Health & Body-Boosting

How to eat 25 Grams of Fiber a Day

Tue Oct 5

To put it simply, fiber is a type of carbohydrate that the body can’t digest. It plays a major role in our digestive health, traveling through our digestive system absorbing water, and removing waste and toxins.

 There are two types of fiber:

  • Soluble fiber dissolves in water and can help lower glucose levels and help lower blood cholesterol.
  • Insoluble fiber doesn’t dissolve in water. It can help food move through your digestive system, by increasing the size of your stool and speeding up its process through the gut.

According to the American Heart Association, women need roughly 25 grams of fiber daily, while the number for men jumps to 38 grams. Unfortunately, Americans are getting less than half of the daily intake recommendations.

Increasing your fiber intake is easy enough though, with lots of delicious foods that can help us meet the daily quota.

Here are a few to add to your shopping list.

Pears: 6g in a medium-sized pear 

Be sure to leave the skin on which contains the majority of the fiber found in pears! You can try this super simple pear and lentil salad for a fiber boost.

Lentils: 8g per 100g

Lentils are an extremely nutrient-dense food rich in both insoluble and soluble fibers. They also have the potential to lower blood pressure, blood cholesterol, and blood glucose. According to a study from the University of Guelph, replacing potatoes or rice with cooked lentils can lower blood glucose levels by more than 20% in healthy adults. 

Oats: 10.1g per 100g

This whole-grain powerhouse packs serious nutritional benefits. They contain a powerful soluble fiber called beta-glucan, which has beneficial effects on blood sugar and cholesterol levels. Add them to your homemade muesli for a healthy breakfast that ticks all the boxes. 

Chickpeas: 17g per 100g

Chickpeas contain a soluble fiber called raffinose, which is fermented in the colon by good bacteria. The good bacteria in your gut breaks this down so your colon can digest it slowly.

Artichoke: 5.4 grams per 100g

Although they don’t make headlines very often, artichokes rank among the most antioxidant-rich of all vegetables and are a great way to boost your fiber without increasing your caloric intake. They contain inulin, a type of fiber that acts as a prebiotic.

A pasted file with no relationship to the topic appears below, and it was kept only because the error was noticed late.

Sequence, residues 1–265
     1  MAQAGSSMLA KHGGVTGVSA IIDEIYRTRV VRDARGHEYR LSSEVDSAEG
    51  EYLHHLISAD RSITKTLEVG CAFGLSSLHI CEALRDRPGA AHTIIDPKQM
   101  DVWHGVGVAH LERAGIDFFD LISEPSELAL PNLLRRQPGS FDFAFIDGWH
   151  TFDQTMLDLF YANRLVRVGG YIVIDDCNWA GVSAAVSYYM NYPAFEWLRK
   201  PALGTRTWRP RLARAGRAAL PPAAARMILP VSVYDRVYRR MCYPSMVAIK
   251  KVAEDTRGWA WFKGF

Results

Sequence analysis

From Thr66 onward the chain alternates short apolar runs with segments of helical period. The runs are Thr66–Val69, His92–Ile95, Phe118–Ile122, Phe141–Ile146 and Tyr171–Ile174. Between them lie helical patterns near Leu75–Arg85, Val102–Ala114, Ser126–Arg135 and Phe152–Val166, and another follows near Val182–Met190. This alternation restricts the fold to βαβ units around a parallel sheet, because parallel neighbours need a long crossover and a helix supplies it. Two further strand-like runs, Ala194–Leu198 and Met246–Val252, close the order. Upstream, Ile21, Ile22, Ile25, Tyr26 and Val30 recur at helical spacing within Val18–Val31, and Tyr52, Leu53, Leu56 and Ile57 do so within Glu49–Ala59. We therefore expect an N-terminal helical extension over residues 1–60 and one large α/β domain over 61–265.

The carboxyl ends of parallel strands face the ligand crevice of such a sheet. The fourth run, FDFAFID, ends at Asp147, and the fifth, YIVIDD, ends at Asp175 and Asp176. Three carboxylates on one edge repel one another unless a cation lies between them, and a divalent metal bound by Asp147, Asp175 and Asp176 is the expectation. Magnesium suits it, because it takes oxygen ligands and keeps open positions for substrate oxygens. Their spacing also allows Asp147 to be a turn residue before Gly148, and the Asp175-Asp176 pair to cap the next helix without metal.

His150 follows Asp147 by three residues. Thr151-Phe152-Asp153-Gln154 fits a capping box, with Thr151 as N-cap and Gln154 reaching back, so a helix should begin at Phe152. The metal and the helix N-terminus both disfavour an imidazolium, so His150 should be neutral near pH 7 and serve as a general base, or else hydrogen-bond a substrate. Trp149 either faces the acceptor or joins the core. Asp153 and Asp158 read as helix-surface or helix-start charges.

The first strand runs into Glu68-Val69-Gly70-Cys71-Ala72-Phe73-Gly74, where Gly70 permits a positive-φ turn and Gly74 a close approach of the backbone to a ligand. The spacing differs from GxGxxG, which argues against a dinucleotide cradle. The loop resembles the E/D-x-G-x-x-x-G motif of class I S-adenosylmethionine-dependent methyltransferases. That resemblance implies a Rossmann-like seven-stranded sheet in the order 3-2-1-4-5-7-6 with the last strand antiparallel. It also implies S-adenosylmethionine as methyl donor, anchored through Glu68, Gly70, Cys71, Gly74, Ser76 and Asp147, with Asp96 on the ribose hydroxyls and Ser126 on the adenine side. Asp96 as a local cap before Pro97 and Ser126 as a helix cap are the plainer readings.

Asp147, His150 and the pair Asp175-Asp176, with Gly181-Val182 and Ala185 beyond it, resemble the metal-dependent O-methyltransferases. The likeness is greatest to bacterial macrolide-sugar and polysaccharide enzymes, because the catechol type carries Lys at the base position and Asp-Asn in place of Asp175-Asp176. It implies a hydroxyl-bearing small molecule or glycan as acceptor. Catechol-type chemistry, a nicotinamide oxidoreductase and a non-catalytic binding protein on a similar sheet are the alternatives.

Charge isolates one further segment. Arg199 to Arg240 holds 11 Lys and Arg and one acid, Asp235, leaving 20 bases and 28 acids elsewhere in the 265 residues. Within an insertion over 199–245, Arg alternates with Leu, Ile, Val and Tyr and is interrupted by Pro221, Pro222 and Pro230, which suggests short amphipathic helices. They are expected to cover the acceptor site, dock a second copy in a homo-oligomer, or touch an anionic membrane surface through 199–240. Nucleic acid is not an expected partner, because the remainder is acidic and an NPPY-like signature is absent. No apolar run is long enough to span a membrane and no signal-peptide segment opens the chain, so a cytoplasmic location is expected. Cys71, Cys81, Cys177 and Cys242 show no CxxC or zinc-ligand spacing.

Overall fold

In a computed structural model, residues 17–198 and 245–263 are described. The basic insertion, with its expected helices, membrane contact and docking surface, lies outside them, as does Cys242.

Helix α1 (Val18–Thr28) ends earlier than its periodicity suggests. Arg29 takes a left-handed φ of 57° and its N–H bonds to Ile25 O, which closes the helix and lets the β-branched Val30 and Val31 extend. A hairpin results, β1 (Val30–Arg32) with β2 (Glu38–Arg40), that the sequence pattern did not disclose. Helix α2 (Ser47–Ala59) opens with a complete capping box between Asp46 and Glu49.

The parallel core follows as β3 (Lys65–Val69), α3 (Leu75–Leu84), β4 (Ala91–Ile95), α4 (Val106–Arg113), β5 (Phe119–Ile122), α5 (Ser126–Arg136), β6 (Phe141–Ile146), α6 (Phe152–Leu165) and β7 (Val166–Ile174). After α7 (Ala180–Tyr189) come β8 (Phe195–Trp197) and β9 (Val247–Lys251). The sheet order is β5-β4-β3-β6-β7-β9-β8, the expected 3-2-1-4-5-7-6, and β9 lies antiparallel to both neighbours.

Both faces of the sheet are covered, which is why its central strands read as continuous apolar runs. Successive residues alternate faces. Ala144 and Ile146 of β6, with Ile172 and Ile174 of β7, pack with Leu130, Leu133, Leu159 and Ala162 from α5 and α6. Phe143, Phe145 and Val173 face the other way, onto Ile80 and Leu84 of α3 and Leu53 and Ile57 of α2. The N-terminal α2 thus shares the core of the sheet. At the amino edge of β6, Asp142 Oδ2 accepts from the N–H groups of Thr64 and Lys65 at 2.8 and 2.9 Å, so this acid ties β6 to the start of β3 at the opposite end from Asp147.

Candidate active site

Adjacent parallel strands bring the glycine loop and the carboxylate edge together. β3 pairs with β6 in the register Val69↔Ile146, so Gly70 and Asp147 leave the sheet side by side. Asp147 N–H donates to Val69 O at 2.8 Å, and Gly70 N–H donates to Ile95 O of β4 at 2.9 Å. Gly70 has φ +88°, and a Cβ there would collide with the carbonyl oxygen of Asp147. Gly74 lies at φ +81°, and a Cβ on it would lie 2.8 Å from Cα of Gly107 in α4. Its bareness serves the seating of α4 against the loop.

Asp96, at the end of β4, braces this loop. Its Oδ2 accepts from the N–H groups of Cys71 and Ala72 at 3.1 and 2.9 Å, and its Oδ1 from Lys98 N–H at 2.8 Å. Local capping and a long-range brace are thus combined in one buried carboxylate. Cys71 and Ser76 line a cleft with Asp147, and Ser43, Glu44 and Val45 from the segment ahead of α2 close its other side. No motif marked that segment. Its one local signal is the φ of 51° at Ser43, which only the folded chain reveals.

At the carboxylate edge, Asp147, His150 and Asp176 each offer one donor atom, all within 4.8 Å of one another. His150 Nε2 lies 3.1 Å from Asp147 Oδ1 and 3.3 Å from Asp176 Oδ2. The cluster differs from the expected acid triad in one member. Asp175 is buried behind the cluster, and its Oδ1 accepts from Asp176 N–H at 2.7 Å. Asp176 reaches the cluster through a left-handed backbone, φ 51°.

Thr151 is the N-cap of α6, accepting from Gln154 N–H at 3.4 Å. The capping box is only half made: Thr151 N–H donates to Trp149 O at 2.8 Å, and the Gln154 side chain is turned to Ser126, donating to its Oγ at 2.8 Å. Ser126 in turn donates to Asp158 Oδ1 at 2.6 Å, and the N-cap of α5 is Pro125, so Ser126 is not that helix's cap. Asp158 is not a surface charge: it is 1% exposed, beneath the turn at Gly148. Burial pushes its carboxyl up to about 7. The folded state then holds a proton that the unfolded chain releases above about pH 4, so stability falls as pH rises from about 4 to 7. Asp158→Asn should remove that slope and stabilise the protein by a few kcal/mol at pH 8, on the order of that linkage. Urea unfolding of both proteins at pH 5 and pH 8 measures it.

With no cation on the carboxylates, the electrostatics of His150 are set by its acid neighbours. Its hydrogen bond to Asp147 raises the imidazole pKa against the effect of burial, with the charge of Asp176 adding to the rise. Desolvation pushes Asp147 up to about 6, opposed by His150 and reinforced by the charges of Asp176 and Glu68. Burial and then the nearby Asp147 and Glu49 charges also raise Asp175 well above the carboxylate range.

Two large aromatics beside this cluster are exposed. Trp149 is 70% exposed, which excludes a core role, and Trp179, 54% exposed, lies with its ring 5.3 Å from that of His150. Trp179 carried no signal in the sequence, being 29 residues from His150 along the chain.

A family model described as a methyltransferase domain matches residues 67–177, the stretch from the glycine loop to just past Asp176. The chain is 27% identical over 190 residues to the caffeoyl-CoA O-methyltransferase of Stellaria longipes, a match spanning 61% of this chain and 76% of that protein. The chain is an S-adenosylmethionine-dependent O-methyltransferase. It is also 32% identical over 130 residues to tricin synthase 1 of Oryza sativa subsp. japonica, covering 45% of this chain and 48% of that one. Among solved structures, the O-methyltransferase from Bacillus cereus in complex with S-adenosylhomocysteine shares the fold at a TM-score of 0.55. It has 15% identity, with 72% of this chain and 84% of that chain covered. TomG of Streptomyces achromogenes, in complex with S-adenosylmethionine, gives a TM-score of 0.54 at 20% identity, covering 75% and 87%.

Brussels sprouts: 3.8 g per 100g

Along with broccoli and cauliflower, Brussels sprouts belong to the cruciferous family and are packed full of fiber. Roasted Brussels sprouts make a delicious side dish. We love this recipe.

Avocado: 10g in 1 cup of raw avocado

Avocados always seem to be in the spotlight, and for good reason. They’re loaded with healthy fats and both types of fiber. 

Almonds: 3.3g per handful 

A small handful of raw, unsalted almonds provides a boost of protein and fiber which can help to lower blood sugar levels, blood pressure, and lower cholesterol levels as well as help to increase feelings of fullness. 

Chia seeds: 4.9g per tablespoon

Proof good things come in small packages, chia seeds are highly nutritious, containing magnesium, phosphorus, and calcium, and are one of the best sources of fiber. Try them mixed into overnight oats, chia puddings, or this smoothie bowl!

Raspberries: 7g per 100g

Low in calories and packed full of fiber, raspberries are a healthy and tasty addition to your diet.

While fiber offers many health benefits, it’s important to remember to incorporate high-fiber foods gradually to avoid bloating and gas. Drinking plenty of water while you increase your intake can also help keep these unwanted symptoms at bay.